ESR 15 - Elucidation of herpesvirus evasion mechanisms through CRISPR/Cas-mediated engineering of virus and host genes

University Medical Center Utrecht, The Netherlands

 

 

Student: Patrique Praest, Ph.D. fellow

Supervisor: Prof. Emmanuel J.H.J. Wiertz, D.V.M., Ph.D.

Co-supervisor: Assistant Prof. Robert Jan Lebbink, Ph.D.

 

 

Several hundred million years of co-evolution between vertebrates and invading pathogens have shaped the adaptive immune system of the hosts to fight back the unwanted invaders through highly developed defense mechanisms. Herpesviruses manage to dodge this immune response by interfering with one of the central hinges of human adaptive immunity, the major histocompatibility complex (MHC) class I antigen presentation pathway. This pathway is responsible for the presentation of pathogen-derived peptide fragments to patrolling cytotoxic T-cells; upon recognition of a virus-encoded peptide, the cytotoxic T-cells will induce cell death of the infected cell. One of the bottlenecks of this pathway is the loading of peptides onto MHC-I molecules in the endoplasmic reticulum (ER). This task is accomplished by the MHC class I peptide-loading complex (PLC), of which the transporter associated with antigen-processing (TAP) is a key component. Due to its central role it is not surprising that TAP is a highly sought-after target for viral inhibition mechanisms, especially among viruses such as herpesviruses that develop life-long infections.

 

In this project, we aim for a better understanding of the multiple ways herpesviruses evade recognition of the immune system. The focus lies on herpesvirus-encoded TAP inhibitors; four TAP-inhibiting proteins have been identified in herpesviruses so far. To study their function, we want to make use of the CRISPR/Cas-system to knock out specific viral or host genes. Furthermore, new techniques like Cryo-electron-microscopy could give us new insights into structural details of TAP-inhibition by herpesviruses.

 

The ultimate goal of this study is to provide information that will aid the discovery of new antiviral therapies.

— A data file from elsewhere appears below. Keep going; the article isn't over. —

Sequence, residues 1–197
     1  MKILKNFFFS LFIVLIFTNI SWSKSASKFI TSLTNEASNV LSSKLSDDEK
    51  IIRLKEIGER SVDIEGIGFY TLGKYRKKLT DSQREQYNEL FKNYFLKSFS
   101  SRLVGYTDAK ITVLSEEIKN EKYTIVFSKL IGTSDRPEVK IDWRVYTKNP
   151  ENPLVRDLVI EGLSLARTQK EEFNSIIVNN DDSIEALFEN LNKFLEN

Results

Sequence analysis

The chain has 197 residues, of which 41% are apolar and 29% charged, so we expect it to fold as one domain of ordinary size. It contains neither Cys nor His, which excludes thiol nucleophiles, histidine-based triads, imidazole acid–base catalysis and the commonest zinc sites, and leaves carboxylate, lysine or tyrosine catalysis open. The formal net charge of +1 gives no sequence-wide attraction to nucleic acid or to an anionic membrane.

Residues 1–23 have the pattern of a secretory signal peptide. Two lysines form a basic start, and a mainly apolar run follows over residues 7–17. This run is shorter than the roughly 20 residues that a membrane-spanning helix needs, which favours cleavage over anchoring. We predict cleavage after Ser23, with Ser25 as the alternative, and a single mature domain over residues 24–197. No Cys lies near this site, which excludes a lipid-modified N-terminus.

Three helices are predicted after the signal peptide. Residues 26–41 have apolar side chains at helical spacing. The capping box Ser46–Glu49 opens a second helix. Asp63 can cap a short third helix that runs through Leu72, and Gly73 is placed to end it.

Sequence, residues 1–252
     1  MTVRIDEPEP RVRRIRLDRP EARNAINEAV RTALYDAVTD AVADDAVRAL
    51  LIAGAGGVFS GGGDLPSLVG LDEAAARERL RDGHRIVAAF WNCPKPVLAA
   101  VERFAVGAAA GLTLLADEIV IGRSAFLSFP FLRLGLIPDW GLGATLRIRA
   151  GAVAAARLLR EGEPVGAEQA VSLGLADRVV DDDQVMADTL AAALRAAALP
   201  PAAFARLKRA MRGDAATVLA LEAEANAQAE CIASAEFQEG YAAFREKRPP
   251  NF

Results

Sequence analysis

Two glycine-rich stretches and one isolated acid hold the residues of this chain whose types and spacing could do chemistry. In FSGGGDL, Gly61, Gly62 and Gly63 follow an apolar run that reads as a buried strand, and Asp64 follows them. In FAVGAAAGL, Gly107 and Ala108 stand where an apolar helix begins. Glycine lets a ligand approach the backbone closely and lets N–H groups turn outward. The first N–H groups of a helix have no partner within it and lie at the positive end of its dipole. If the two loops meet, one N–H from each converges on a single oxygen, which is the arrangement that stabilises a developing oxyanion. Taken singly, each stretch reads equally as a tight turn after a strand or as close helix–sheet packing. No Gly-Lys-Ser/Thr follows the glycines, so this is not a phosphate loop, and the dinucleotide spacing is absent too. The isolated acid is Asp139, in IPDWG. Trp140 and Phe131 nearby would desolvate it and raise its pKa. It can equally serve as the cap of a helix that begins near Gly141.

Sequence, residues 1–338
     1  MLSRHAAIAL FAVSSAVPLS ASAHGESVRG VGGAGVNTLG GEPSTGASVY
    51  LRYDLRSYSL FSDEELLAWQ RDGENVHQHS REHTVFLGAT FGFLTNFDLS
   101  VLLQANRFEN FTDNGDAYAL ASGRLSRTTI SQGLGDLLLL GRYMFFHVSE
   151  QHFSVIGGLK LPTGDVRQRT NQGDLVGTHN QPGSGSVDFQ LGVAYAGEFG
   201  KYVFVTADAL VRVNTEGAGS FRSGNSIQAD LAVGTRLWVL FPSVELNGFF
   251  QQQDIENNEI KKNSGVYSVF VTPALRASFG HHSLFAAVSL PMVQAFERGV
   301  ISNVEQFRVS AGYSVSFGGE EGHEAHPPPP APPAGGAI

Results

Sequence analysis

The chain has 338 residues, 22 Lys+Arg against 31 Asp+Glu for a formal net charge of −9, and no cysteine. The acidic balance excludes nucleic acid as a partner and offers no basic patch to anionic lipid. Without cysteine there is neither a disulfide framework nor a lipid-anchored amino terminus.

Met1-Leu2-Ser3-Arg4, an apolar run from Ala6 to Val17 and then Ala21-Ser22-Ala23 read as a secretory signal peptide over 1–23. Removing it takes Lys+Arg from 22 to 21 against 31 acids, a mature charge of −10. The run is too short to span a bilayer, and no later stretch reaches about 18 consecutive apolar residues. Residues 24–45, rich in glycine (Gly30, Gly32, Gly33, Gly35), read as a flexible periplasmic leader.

Contact details

Emmanuel J.H.J. Wiertz, Professor of Medical Microbiology / Experimental Virology

Department of Medical Microbiology

University Medical Center Utrecht

G04.647

Heidelberglaan 100

3584 CX Utrecht

The Netherlands

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Assistant Prof. Robert Jan Lebbink

Department of Medical Microbiology

University Medical Center Utrecht

G04.522

Heidelberglaan 100

3584 CX Utrecht

The Netherlands

Phone: +31 887 55 0627

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ESR14 - Characterisation of the pro- or antiviral role of cellular proteins induced upon infection with Human Cytomegalovirus

Helmholtz Centre for Infection Research, Braunschweig, Germany

 

Student: Ana Cristina González Pérez, Ph.D. fellow

Supervisor: Prof. Dr. rer. nat. Melanie Brinkmann

 

 

 

Pathogens infiltrate our bodies daily but do not remain undetected. It is our immune system which recognizes these invaders and takes appropriate measures against them.

 

The immune system has several components. One of them, the type interferon (IFN) response, mediated by receptors called pattern recognition receptors (PRR), plays a key role to fight viral infection. Upon detecting nucleic acids of cellular or viral origin at aberrant locations, these receptors induce the secretion of cytokines called type I IFNs. These cytokines then bind to the type I IFN receptor (IFNAR), which is located on the plasma membrane. This leads to the generation of so called interferon stimulated gene products (ISGs). ISGs can directly inhibit viral replication, for example by shutting off protein synthesis. As a consequence, viruses have developed strategies to block the IFN response and/or ISG functions, or even use these antiviral defence systems for their own benefit. One family of viruses is especially well known for hijacking the immune system: the herpesviridae. Herpesviruses have a large DNA genome that encodes multiple proteins. A large portion of these proteins is dedicated to the modulation of the host immune response, allowing the establishment of lifelong latency.